Michele Dador

Michele Dador

Rainbows, Butterflies… and Cancer

Survivor Michele Dador fought the disease with the support of her faith, family and friends.Michele-Dador-large

A few months after her 40th birthday, Michele Dador had her first mammogram. She was told not to be alarmed if contacted for a retake, since it was her first screening. Sure enough she received a call—and scheduled a rescreening at Advocate Condell Medical Center on July 11, 2013. After the procedure, she was informed there were signs of abnormalities and she needed to have biopsies on both breasts the next day.

Michele felt calm when she went in for the biopsies. It wasn’t until the early morning hours of July 16—the day she expected to learn the results—that she was uneasy. She couldn’t sleep, so she opened her Our Daily Bread devotional booklet to a page where the author reflected on a bout with cancer. “I said, God, I think you are talking to me,” remembers Michele. “And when I randomly opened another booklet to a page on which the writer recalls her sister’s cancer diagnosis, I knew.”

After crying and finally falling asleep, Michele woke around 9 am to her phone’s repetitive automated announcement that “Advocate Condell” was calling. Her results were in.

A Diagnosis and a Decision

Michele contacted her husband, Chris, at work and asked him to meet her in the parking lot at Condell Medical Center. The pamphlets on the chair when they walked in to the room delivered the message as quickly as her breast health navigator did—it was cancer.

“As a third-grade teacher, my world is rainbows and butterflies and unicorns—and this is not,” states Michele. “My immediate thought was that I need to feel as good as I can, as fast as I can, to return to normal.”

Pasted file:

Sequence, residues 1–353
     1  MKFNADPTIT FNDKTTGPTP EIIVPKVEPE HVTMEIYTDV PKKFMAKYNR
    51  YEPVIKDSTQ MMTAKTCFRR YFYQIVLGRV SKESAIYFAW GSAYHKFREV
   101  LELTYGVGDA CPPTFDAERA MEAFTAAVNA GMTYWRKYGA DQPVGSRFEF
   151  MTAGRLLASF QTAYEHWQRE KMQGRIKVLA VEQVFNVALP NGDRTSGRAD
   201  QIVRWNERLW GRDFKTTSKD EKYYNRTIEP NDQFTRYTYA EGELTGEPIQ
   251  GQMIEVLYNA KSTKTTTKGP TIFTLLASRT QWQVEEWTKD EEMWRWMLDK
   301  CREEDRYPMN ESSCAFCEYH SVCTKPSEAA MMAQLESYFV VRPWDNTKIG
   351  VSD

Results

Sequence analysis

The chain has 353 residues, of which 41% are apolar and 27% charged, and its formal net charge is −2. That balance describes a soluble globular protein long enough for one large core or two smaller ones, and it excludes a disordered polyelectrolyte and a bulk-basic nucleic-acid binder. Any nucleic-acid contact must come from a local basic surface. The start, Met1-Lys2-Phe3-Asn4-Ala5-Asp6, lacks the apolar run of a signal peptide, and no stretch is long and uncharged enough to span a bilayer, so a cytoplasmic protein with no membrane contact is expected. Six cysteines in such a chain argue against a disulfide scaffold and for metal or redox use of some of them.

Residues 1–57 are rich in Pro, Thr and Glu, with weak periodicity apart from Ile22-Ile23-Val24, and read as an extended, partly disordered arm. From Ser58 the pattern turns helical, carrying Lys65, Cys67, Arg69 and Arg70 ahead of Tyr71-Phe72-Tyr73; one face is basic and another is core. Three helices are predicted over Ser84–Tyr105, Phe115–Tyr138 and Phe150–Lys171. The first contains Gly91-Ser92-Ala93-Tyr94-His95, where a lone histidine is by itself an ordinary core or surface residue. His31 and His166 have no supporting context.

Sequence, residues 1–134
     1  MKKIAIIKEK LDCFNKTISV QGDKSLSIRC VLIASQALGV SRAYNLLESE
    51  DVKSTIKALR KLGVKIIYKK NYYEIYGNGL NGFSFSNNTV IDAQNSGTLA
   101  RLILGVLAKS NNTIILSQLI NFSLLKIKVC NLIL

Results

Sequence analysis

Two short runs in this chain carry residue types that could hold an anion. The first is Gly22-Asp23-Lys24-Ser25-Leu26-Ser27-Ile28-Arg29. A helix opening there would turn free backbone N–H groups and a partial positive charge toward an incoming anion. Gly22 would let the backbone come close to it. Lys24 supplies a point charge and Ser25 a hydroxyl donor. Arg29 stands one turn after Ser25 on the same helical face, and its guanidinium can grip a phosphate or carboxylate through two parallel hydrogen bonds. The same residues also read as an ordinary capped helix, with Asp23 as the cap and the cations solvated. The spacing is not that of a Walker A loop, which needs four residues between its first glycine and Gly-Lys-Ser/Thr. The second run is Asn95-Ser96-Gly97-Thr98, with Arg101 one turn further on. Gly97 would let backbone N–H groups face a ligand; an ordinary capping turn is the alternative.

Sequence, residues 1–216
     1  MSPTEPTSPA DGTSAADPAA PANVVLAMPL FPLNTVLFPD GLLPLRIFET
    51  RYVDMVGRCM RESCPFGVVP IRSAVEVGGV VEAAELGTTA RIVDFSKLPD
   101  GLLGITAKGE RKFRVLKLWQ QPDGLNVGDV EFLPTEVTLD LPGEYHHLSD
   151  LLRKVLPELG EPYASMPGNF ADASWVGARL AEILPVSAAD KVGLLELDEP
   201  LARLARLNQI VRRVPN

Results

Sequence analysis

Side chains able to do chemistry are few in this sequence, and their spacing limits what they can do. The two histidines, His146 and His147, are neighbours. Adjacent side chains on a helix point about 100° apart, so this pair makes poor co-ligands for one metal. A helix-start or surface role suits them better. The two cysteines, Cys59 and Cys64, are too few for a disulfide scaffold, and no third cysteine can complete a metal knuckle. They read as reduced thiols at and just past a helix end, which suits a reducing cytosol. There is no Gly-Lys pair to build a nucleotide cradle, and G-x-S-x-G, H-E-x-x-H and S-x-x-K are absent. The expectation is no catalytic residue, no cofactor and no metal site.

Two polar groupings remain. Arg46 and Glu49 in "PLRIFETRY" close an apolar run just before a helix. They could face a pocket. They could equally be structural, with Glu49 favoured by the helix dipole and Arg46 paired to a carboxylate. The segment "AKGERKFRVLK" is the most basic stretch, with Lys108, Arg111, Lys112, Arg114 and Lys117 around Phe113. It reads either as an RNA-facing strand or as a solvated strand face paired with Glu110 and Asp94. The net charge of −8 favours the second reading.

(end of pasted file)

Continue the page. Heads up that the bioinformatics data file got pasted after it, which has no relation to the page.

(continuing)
Michele was scheduled for sentinel lymph node surgery—to determine if the cancer had spread and what she would be facing—with Paul Strohmayer, MD. The results revealed that she had invasive lobular carcinoma, grade 1, stage IIB; and it had invaded two lymph nodes. Michele also underwent genetic counseling offered through Condell’s Cancer Resource Center, which indicated that she did not inherit breast cancer. With this knowledge, Michele and Chris made the decision that she would undergo a double mastectomy.

Life Interrupted

After spending her summer vacation doing “homework” to learn about breast cancer, her treatment options and what to expect in the coming months, Michele returned to work as scheduled at the start of the school year. She planned to work through treatment, so she wanted to have the opportunity to meet her new class and to hold a meeting with school administrators, students and families to explain the journey she was about to begin.

On September 11, 2013, Michele and Chris held a party with their family, friends and pastor. It took place in a hospital room at Condell Medical Center—just before Michele was wheeled into surgery to undergo the double mastectomy and to begin reconstructive surgery with Drs. Paul Strohmayer and Aras Tijunelis, respectively. “It was the day my own twin towers came down,” says Michele. “But I wasn’t scared because I have the best group of docs. Condell is phenomenal and so are its people and services.”

Michele took off work for three and a half weeks to recover. The next month she started four rounds of chemotherapy as part of a study at an academic medical institution—completing treatment the day after Christmas. Then followed 28 doses of radiation from January to March 2014.

Faith and Healing

In July, Michele had her second reconstructive surgery at Condell and hopes to have the last two before the end of the year. “I set three priorities to get through this process: health, normalcy and mental well-being,” she shares. “And God sent me all the signs I needed—taking care of me in so many ways.” In addition to garnering strength from her faith and positive attitude, Michele had tremendous support from her family, friends, co-workers and students. She also blogged to document her journey.

“Chris and I have said from the beginning, ‘It is what it is,’” says Michele. “However we modified our mantra and now we positively proclaim, ‘It is what you are.’” And she is, no doubt, a survivor.

First published: Fall 2014